4.  The First Experiments in Freedom of Belief & Religious Tolerance in America
5.  Roger Williams:  His Quest for Religious Purity and Founding of Rhode Island
6.  Roger Williams:  First Call for Separation of Church and State in America 
7.  William Penn and His “Holy Experiment” in Religious Tolerance
8.  Early Americans opposed Religious Persecution as contrary to the Biblical Teachings of Christ
9.  Early Americans argued Religious Coercion opposes Order of Nature
10.  Early Americans Believed Religious Coercion Opposes Reason
11.  Early Americans Supported Religious Tolerance within Civil Peace and Order
12.  Philosopher John Locke & His Letters Concerning Toleration
13.  The Religious Landscape of the Thirteen Colonies in Early 1700s America

Additional Reading/Handout:  Why Religious Freedom Became an Unalienable Right & First Freedom in America by Angela E. Kamrath, American Heritage Education Foundation.  Paper available to download from member resources, americanheritage.org.

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Activity:  The Miracle of America High School Teacher Course Guide, Unit 4, Part 1, Activity 6:  Thinking About Freedom of Conscience and Religion, p. 147.  MS-HS.

Thinking About Freedom of Conscience and Religion 

Purpose/Objective:  Students learn about the arguments, motives, and actions of Roger Williams and William Penn who founded the religiously tolerant colonies of Rhode Island and Pennsylvania.

Suggested Readings:
1) Chapter 4 of Miracle of America sourcebook/text.  Students read sections Introduction to 4.15.
2) Paper/handout titled Why Religious Freedom Became an Unalienable Right & First Freedom in America by Angela E. Kamrath (AHEF).  Paper available to download from member resources, americanheritage.org.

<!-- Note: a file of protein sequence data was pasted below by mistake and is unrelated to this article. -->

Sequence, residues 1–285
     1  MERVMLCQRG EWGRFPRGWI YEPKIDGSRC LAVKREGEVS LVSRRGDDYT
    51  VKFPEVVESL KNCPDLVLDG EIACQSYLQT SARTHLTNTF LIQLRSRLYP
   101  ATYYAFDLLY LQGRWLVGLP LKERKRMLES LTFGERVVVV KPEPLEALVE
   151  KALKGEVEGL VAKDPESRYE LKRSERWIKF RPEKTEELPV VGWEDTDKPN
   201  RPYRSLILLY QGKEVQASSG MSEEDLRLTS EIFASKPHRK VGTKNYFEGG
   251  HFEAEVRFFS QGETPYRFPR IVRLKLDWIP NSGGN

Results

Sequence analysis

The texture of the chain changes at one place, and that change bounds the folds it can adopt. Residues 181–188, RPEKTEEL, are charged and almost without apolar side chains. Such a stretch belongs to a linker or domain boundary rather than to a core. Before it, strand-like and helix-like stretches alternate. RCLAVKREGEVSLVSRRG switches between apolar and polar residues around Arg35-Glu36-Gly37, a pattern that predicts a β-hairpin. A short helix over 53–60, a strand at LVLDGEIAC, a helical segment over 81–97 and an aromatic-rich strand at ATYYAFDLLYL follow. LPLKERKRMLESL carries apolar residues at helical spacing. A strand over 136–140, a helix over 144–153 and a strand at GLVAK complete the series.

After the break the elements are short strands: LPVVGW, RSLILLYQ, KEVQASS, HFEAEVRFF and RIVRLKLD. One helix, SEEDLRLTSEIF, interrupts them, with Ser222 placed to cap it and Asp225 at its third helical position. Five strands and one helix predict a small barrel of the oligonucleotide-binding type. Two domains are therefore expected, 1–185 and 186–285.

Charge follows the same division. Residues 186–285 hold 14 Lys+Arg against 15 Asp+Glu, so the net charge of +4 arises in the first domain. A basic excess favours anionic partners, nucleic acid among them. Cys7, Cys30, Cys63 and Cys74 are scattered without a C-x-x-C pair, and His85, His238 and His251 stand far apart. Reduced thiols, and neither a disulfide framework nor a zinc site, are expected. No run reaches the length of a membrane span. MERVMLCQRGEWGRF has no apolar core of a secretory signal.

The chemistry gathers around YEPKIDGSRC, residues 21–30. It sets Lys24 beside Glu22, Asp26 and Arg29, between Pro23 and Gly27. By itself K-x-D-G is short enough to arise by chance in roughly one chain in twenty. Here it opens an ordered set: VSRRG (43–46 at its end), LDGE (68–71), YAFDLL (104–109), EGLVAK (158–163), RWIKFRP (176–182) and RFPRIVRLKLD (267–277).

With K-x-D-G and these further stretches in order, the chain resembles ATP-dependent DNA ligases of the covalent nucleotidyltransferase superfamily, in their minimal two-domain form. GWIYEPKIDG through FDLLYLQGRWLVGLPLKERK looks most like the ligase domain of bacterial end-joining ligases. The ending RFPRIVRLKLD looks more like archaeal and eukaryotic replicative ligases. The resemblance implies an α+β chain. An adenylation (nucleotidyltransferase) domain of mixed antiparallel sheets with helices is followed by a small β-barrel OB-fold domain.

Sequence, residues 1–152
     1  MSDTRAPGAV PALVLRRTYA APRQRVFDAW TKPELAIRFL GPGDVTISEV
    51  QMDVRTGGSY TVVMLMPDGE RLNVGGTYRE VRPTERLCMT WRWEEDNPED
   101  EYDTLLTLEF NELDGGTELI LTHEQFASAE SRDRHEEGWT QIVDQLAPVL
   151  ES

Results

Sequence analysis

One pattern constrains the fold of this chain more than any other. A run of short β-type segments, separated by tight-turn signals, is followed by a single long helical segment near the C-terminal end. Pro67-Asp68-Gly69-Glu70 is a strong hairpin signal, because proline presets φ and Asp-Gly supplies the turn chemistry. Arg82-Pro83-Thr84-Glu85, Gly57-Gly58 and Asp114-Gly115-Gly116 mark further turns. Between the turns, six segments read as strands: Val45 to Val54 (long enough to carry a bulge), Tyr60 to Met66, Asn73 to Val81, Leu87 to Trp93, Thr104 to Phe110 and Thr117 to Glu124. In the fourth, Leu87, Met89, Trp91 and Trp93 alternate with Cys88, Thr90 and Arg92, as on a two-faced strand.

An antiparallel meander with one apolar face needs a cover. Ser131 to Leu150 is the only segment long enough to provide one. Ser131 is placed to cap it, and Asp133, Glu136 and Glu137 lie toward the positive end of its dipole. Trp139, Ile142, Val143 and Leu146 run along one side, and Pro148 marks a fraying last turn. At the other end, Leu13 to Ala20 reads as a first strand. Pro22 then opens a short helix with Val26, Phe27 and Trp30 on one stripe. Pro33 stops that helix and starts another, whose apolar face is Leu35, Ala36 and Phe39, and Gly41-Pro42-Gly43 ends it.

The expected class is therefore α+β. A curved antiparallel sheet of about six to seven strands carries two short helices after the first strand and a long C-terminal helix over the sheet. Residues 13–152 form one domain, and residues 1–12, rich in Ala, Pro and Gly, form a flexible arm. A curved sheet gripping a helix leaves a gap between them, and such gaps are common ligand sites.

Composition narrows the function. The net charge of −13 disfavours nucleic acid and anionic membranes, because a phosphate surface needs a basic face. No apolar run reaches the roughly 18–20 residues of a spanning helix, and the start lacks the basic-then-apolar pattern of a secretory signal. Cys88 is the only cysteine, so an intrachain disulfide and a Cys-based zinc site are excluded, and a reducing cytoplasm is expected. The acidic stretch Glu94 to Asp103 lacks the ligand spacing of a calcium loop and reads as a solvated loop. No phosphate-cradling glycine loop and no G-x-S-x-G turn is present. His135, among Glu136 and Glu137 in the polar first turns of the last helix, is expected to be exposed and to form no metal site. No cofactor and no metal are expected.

3) Roger Williams, The Bloudy Tenent of Persecution for the Cause of Conscience, 1644.
4) William Penn, A Great Case of Liberty of Conscience Debated and Defended by the Authority of Reason, Scripture, and Antiquity, 1670.
5) Related post: The First Experiments in Freedom of Belief & Religious Tolerance in America

Activity:  Short Paragraph Test.  Students think about, write on, discuss in small groups/whole class (with chairs in a circle, if possible) the questions below.  In writing on these questions, students may use more informal journaling/reflective writing.  Students may use this activity or parts of it as test preparation for a short-answer test on the same questions below.  (These and other questions are also found in Chapter 4 of Miracle of America text/sourcebook, p. 125.):

1.  How did the beliefs of Williams and Penn differ from those of the Puritans?  How were they similar?
2.  How do the experiences of Williams and Penn influence your own views about religious tolerance and freedom of conscience?
3.  What main points from the Bible and other sources were used by Williams and Penn to argue against religious coercion and in support of religious tolerance and freedom of conscience?
4.  Why do you think Williams and Penn based their arguments against religious intolerance and coercion largely on the Bible and Christian principles?
5.  Why is it important for people to have freedom of conscience and to be tolerant toward other people’s religious beliefs?

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To download this whole unit, sign up as an AHEF member (no cost) to access the “resources” page on americanheritage.org.  To order the printed binder format of the course guide with all the units, go to the AHEF bookstore.